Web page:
Iran Air’s flights to Syria continued to multiply. Between Implementation Day of the JCPOA in January 2016 and August 2017, over 1000 flights, including 134 such flights by Iran Air, departed from points in Iran and landed in Syria, indicating an ongoing complex logistical operation to resupply the Assad regime. In one two-month period alone during 2017, Iranian and Syrian airlines delivered an estimated 21,000 passengers and 5,000 tons of supplies from Tehran and Abadan to Damascus.  In sum, Iran operated 11 commercial flights per week to Syria during this period, with two flights per week operated by Iran Air. Lending credence to the nefarious nature of these Iran Air flights, the flights occur at irregular intervals and Iran Air’s website does not have tickets to Damascus available to the general public on its website. Nor is Damascus even listed as a possible destination.

  • Any civilian airliners purchased by Iran Air are at risk of being resold or transferred to Mahan Air. Mahan Air was designated by the Treasury Department in October 2011 for “providing travel services to IRGC-QF personnel flown to and from Iran and Syria for military training.” Furthermore, the designation alleged that “Mahan Air has transported personnel, weapons and goods on behalf of Hizballah and omitted from Mahan Air cargo manifests secret weapons shipments bound for Hizballah.”

    Mahan Air remains sanctioned to this day. In the months after the JCPOA was reached, Mahan Air intensified its service between Iran and Syria, conducting nearly daily flights between Tehran and Damascus and Latakia, an Assad regime stronghold.

  • In January 2017, Ukrainian authorities announced the seizure of a shipment of Russian-made anti-tank guided missile components bound for Iran, a violation of Annex B of United Nations Security Council Resolution 2231 forbidding the supply, sale and transfer of missiles or missile systems to Iran without the council’s prior approval. The illicit shipment was found on board aircraft operated by Ukrainian-Mediterranean (UM) Airlines, which has officially partnered with Mahan Air on daily flights from Ukraine to Iran since the JCPOA took effect. UM was designated by the Treasury Department in 2013 for leasing aircraft to Mahan Air. Rep. Roskam responded to the seizure, saying, “This is yet another example of the Islamic Republic using commercial aircraft for military purposes. Airbus and Boeing cannot claim ignorance on this—the Regime’s behavior is on full display before the world."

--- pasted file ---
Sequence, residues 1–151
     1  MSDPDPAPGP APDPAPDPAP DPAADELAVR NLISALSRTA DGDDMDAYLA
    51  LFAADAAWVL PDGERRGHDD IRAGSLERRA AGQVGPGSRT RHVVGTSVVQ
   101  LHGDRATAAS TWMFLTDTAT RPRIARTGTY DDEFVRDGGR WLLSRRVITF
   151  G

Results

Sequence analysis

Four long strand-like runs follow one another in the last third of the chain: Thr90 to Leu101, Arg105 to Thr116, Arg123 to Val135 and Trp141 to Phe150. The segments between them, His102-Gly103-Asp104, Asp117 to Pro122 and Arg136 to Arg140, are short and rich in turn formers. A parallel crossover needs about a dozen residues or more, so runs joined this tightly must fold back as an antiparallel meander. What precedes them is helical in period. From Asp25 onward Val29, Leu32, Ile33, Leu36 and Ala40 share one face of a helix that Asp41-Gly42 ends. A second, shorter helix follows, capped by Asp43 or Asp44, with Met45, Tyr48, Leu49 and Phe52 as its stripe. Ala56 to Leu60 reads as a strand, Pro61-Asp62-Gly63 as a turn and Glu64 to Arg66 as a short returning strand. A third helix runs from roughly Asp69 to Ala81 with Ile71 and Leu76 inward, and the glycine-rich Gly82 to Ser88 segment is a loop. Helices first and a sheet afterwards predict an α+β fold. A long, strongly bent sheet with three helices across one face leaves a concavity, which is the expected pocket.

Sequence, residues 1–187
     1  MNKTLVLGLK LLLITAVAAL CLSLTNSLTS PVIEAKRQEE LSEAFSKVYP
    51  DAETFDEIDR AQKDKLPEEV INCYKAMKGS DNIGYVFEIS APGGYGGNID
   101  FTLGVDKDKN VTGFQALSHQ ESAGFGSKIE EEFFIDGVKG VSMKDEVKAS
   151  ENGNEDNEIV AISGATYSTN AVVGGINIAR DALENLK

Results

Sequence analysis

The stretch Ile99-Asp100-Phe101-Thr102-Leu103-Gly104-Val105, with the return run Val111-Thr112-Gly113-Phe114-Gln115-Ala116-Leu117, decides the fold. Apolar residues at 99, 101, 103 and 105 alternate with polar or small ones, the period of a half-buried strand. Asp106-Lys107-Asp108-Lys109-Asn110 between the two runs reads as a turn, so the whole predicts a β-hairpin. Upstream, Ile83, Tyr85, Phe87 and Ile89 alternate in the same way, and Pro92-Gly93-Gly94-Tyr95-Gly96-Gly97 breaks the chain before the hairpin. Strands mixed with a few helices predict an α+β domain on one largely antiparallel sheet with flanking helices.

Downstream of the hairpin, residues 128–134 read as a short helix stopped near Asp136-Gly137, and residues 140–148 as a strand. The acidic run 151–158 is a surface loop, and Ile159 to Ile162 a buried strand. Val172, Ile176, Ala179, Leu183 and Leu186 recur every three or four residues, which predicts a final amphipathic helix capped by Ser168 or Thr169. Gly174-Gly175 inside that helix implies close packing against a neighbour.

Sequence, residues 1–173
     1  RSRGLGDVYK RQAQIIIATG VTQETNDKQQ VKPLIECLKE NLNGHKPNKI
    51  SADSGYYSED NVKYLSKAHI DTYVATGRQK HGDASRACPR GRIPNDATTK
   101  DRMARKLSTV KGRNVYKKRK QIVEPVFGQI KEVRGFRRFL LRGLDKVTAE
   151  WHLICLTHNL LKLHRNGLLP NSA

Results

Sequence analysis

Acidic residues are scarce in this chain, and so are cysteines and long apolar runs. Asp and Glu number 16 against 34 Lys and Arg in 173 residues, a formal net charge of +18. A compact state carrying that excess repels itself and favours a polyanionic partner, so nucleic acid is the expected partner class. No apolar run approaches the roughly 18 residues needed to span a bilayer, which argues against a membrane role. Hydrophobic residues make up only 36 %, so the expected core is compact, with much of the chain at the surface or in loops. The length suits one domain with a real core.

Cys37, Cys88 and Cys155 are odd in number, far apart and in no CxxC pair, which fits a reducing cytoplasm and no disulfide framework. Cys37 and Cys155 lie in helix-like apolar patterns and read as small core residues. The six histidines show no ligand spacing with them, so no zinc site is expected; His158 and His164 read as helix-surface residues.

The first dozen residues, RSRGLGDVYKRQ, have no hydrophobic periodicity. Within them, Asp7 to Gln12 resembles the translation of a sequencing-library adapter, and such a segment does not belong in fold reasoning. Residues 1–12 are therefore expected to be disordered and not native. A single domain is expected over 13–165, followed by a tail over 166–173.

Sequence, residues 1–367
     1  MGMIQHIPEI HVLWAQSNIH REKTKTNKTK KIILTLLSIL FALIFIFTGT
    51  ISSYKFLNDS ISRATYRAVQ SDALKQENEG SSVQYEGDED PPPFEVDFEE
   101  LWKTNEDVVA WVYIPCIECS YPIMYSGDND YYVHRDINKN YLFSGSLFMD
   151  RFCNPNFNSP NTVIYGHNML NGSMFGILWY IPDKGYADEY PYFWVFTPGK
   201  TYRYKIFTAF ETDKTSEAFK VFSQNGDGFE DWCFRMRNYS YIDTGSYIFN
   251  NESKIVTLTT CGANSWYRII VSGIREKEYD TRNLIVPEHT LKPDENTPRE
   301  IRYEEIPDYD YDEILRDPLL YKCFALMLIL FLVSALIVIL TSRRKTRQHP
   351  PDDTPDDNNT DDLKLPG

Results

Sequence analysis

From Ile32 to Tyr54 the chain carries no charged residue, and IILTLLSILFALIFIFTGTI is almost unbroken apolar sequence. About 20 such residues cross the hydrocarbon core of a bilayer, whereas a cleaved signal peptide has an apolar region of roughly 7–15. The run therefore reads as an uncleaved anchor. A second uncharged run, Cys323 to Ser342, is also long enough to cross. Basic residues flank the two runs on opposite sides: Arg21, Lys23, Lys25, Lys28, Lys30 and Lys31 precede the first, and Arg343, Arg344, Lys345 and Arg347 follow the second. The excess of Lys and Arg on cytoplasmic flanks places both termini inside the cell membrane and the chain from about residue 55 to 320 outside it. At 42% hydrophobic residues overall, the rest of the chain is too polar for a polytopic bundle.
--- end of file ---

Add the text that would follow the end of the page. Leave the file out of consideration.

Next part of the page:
• In November 2016, Israel’s Ambassador the United Nations sent an urgent letter to the Security Council alleging, based on Israeli intelligence, that “The Iranian Al-Quds Force packs weapons, ammunition and missile technology to Hezbollah in suitcases and puts them on Mahan Air flights. … These planes fly directly to the airport in Lebanon or Damascus and from there the weapons are transferred on the ground to Hezbollah."

  • Another risk of delivering civilian airliners to Iran is Iran’s history of repurposing commercial aircraft for use in its air force. At least six Boeing airliners sold to Iran Air during the 1970s were subsequently transferred to Iran’s air force.

  • In October 2012, the Treasury Department designated 117 aircraft operated by Iran Air, Mahan Air, and Yas Air as blocked property. Treasury found that, “In the summer of 2012, Iran used Iran Air and Mahan Air flights between Tehran and Damascus to send military and crowd control equipment to the Syrian regime. This activity was coordinated with Hizballah.”

  • A 2011 report by a U.N. expert panel on North Korea found that, “Prohibited ballistic missile-related items are suspected to have been transferred between the Democratic People's Republic of Korea and the Islamic Republic of Iran on regular scheduled flights of Air Koryo and Iran Air, with trans-shipment through a neighboring third country.”

  • In 2011, the U.S. Treasury Department designated Iran Air, finding that the commercial airline was “used by the IRGC and Iran’s Ministry of Defense and Armed Forces Logistics (MODAFL) to transport military related equipment.” The designation further alleged that, “Iran Air has shipped military-related equipment on behalf of the IRGC since 2006. … Additionally, commercial Iran Air flights have also been used to transport missile or rocket components to Syria.”